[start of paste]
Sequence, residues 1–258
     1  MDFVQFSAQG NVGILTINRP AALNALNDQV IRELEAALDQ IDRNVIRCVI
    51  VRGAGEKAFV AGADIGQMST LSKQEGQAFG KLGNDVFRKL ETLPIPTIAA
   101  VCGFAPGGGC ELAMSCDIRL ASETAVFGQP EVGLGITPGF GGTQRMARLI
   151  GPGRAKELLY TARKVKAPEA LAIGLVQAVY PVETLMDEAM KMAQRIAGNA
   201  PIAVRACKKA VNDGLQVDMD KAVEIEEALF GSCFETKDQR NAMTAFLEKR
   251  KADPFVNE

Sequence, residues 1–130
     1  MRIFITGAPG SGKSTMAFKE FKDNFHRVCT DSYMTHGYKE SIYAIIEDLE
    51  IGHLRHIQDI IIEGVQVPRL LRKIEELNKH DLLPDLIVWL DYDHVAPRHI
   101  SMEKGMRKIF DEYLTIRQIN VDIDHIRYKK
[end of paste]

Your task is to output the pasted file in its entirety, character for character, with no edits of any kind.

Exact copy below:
Sequence, residues 1–258
     1  MDFVQFSAQG NVGILTINRP AALNALNDQV IRELEAALDQ IDRNVIRCVI
    51  VRGAGEKAFV AGADIGQMST LSKQEGQAFG KLGNDVFRKL ETLPIPTIAA
   101  VCGFAPGGGC ELAMSCDIRL ASETAVFGQP EVGLGITPGF GGTQRMARLI
   151  GPGRAKELLY TARKVKAPEA LAIGLVQAVY PVETLMDEAM KMAQRIAGNA
   201  PIAVRACKKA VNDGLQVDMD KAVEIEEALF GSCFETKDQR NAMTAFLEKR
   251  KADPFVNE

Sequence, residues 1–130
     1  MRIFITGAPG SGKSTMAFKE FKDNFHRVCT DSYMTHGYKE SIYAIIEDLE
    51  IGHLRHIQDI IIEGVQVPRL LRKIEELNKH DLLPDLIVWL DYDHVAPRHI
   101  SMEKGMRKIF DEYLTIRQIN VDIDHIRYKK